I unfortunately can’t tell if the color match is getting better or worse with a second coat of Tung Oil.  Maybe I just have to open the blinds and let the sun shine in for a couple weeks.

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Or paint the whole thing black!

This is a good time to mention that 36.25″ is a bit too high for comfortable hand planing at my height (I’m 5’10”).  Even if it is better for sawing and chopping.  So I’ll eventually trim about 1″ off the ends of the legs.  Which is easier said than done, as the back legs are angled.

But I’ll give it a try and report back.

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Everything Old is New

They say that everything in furniture making is either a platform or a box (or both). And I say that sometimes it feels like everything my woodworking life is either a workbench or a tool chest (or both).  So let’s talk about the latest tool chest.

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I’m a big fan of this red color.

I’ve built a Dutch Tool Chest before. I think the form has many advantages, especially in the small home shop where the shallow profile efficiently fits into the floor plan.  I just hated squatting all the time to get at my joinery planes, which is why I switched to a proper floor chest.  But that’s not really an issue when using the plywood low workbench.  In fact, one could skip the lower compartment all together and just have the top till area.  Which I did.

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You’re already squatting when working on this workbench.

The great virtue of a dutch tool chest is how easily it goes together with much less material compared to a rectangular chest.  The joinery consists of dovetails on the bottom two corners and nails or screws for everything else (plus two rabbets if you build a proper one).  The entire case (which has inside dimensions of 11.25″ x 23″ x 15″) came together in an afternoon from a single ten foot pine 1×12 from the home center:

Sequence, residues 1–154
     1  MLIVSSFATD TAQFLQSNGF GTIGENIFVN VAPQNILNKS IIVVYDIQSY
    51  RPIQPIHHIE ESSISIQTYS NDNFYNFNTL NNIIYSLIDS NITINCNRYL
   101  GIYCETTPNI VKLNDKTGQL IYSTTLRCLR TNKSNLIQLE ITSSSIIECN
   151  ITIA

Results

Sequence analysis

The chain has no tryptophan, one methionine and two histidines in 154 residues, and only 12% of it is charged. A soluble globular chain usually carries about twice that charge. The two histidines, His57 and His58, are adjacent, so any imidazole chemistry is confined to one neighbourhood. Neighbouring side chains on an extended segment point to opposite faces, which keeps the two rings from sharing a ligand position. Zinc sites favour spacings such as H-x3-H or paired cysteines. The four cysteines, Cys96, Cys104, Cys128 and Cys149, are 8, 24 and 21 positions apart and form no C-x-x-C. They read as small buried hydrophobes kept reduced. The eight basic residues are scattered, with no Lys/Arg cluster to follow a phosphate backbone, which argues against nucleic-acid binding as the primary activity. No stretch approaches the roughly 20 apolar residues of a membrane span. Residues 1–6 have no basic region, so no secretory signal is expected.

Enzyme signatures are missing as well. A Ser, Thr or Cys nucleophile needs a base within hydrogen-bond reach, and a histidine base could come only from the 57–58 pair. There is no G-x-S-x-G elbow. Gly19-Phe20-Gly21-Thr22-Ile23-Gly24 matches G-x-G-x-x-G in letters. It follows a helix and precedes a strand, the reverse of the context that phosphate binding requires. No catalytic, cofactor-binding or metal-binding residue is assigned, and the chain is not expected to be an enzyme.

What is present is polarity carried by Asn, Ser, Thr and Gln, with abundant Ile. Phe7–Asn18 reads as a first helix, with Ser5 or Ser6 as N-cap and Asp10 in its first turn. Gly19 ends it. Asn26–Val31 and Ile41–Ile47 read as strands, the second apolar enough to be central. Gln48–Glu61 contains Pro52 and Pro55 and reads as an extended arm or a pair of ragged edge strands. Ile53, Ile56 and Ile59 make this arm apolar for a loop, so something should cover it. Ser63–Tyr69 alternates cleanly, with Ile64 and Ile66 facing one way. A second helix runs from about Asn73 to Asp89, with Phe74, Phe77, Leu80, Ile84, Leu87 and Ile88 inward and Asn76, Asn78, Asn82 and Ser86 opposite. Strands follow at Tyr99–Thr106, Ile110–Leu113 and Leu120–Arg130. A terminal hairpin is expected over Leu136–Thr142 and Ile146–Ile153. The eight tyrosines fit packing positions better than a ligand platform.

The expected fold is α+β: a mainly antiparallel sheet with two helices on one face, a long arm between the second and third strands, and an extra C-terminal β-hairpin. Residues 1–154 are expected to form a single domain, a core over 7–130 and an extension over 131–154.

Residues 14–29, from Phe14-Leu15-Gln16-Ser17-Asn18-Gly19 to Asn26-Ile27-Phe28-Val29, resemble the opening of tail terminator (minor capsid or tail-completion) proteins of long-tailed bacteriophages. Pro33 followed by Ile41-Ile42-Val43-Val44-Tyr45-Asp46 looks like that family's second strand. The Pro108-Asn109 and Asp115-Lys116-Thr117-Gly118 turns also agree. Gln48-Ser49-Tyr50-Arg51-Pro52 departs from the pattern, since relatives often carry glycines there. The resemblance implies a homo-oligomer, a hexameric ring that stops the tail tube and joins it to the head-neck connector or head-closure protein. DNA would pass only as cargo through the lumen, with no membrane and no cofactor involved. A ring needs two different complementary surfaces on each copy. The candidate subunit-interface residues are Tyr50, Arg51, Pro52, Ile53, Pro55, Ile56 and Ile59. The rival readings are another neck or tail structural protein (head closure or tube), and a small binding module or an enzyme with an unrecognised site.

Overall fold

• Two sides:  one board, 26″ long  and full width (crosscut at 20 degrees to form two boards)
  • Bottom: one board, 24″ long and full width
  • Back: two boards, one 24″ long and full width, one 24″ long and ripped to 5″, shiplapped (T&G also would have worked)
  • Front: one board, 24″ long and full width

The remainder of that first board became the tool rack and the skids on the underside.  If I had started from a twelve foot pine 1×12, I probably could have gotten the lid too from that single board.

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Everything is 5/8″ thick.

This tool box wouldn’t hold a full set of woodworking tools.  But it’s definitely big enough to hold everything a beginner hand-tool woodworker would own. Especially with the chisel rack and the saw till.  I even made a straightedge specifically for this tool chest.

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That’s a salvaged saw till from a prior tool chest.

As of today, it’s stuffed with my spare tools: both a No 5. bench plane and a No. 4 bench plane, a full set of back saws and most of a set of chisels, together with diamond plates for sharpening, a hammer, a chisel mallet, and the essential marking tools (including combination square).  A small panel saw that would fit too, but I don’t own one that small that is not one of my regular tools (at least not until I break out the angle grinder).

Even with all of that loaded in, it’s still light enough to carry around and fits easily in the back of my SUV.

This is another one of those “I wish I had known about it when I first got started woodworking” projects.  I would have made this entirely with screws and plywood, or rabbets and nails in dimensional pine.  No dovetails needed.  And it would even match the plywood low workbench.

Speaking of which, it’s time to take the plunge on boring the rest of the dog holes in the laminated slab top.  But I’m ready.